We’re kind of anti-portal, as described in a laparoscopic-surgery level of detail earlier. We still talk to portal managers who are in a big rush to develop community. “Community development,” they call it, unsurprisingly.
Big surprise, kids: You cannot “develop” community. It isn’t like planting tomatoes. At best it is like tilling the soil and hoping tomato seeds will happen along and germinate. This may be a rather stronger stance than Derek Powazek’s experience would support, but we are not Derek Powazek.
Portalistas, mired as they are in yesterday’s thinking, see community as an inevitable outcome of providing “message boards” and “listserves” (sic). Install those services and “community” will follow. Well, gee. You’ve got dozens of people living around you in your apartment building. Are they all your friends?
(Some portalistas are foolish enough to add “instant messaging” to that list, though instant messaging is nearly always person-to-person, like a phone call.)
“Message boards” don’t cut the mustard for a few reasons that will be obvious to seasoned netters and completely invisible to portalistas and marketers who name-check that catchphrase but have never actually used them.
- They dilute discussion. If there are already five mailing lists on Limp Bizkit, adding another forum will not add to the number of voices. It will merely increase the chance that there won’t be a critical mass of readers to actually respond.
- They’re derivative, as portals themselves are. Why should your members participate in your Limp Bizkit “board” rather than any of the others?
- They’re undifferentiated, a corollary of the first two points. We can’t emphasize this enough: Feature parity does absolutely nothing for you anymore. Every third site on the net offers free E-mail, but how many people choose tiny sites’ free mail over Microsoft Hatemail or Yahoo? Feature parity is merely expected, but you cannot expect people to actually use the parity features.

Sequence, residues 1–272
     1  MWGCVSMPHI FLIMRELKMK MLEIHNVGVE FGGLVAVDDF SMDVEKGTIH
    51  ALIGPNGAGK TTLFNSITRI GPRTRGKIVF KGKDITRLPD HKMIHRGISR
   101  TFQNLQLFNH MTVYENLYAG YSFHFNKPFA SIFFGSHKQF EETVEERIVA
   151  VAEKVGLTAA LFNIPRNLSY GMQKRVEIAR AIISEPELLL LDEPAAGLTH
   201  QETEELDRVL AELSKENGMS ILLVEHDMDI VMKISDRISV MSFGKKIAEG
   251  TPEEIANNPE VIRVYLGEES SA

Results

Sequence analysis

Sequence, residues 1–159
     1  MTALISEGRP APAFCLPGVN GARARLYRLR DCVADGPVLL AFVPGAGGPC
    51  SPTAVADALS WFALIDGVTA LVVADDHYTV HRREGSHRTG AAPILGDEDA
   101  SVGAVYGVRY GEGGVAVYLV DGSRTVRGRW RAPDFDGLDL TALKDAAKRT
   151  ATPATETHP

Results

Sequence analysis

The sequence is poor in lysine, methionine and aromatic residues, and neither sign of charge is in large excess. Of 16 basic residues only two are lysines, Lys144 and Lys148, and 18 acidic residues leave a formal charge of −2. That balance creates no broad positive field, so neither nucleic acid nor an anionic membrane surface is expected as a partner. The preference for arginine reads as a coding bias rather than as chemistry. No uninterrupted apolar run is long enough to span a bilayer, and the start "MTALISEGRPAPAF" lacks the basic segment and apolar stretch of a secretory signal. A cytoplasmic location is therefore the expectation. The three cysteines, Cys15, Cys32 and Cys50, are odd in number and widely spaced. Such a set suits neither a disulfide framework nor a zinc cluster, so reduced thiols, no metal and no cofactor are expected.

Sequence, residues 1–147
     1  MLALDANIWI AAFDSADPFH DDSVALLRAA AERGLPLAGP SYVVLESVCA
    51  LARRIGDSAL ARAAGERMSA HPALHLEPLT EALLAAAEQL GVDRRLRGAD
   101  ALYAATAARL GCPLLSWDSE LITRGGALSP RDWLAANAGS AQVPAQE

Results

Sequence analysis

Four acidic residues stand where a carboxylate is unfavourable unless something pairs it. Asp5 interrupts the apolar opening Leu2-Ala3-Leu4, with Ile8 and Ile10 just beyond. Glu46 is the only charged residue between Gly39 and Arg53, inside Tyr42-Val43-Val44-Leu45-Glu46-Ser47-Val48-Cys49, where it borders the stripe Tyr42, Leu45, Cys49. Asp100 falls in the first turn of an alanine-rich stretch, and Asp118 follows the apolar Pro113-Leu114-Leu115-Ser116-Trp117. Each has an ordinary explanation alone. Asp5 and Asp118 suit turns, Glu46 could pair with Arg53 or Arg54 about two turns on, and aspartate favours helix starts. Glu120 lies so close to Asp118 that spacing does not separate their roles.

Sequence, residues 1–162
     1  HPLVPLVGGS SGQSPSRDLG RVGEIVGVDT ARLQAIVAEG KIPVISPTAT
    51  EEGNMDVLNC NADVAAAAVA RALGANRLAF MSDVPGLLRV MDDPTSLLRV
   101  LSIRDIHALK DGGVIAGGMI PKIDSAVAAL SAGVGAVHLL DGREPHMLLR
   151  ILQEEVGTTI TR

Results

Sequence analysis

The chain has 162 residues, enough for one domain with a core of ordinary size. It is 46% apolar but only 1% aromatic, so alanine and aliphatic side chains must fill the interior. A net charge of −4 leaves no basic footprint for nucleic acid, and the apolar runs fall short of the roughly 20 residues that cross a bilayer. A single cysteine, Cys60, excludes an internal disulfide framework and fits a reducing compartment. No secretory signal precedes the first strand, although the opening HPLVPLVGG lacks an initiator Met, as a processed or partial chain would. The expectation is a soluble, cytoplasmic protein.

- They’re technically complex. Keeping a particular discussion threaded and on-topic requires good software (for the threading) and some kind of moderation (for topicality).
- No one has perfected the interface yet; Web-based “boards” are so numerous and complicated that entire guides have sprung up to make sense of the chaos.
- Moderation of Web postings is a slippery slope. If any moderation is justified at all (a questionable premise), we believe the only messages worth acting on are those that personally harass or insult; any degree of ferocity in discussion of an issue should be permitted, as should every conceivable issue, from baking cookies to abortion to Holocaust denial.
- Generally, moderating Web discussions is labour-intensive and contrary to the egalitarianism of the net. Further, if you begin editing postings, you cease to act as a common carrier and could be much more liable to legal action. (National laws vary, of course.)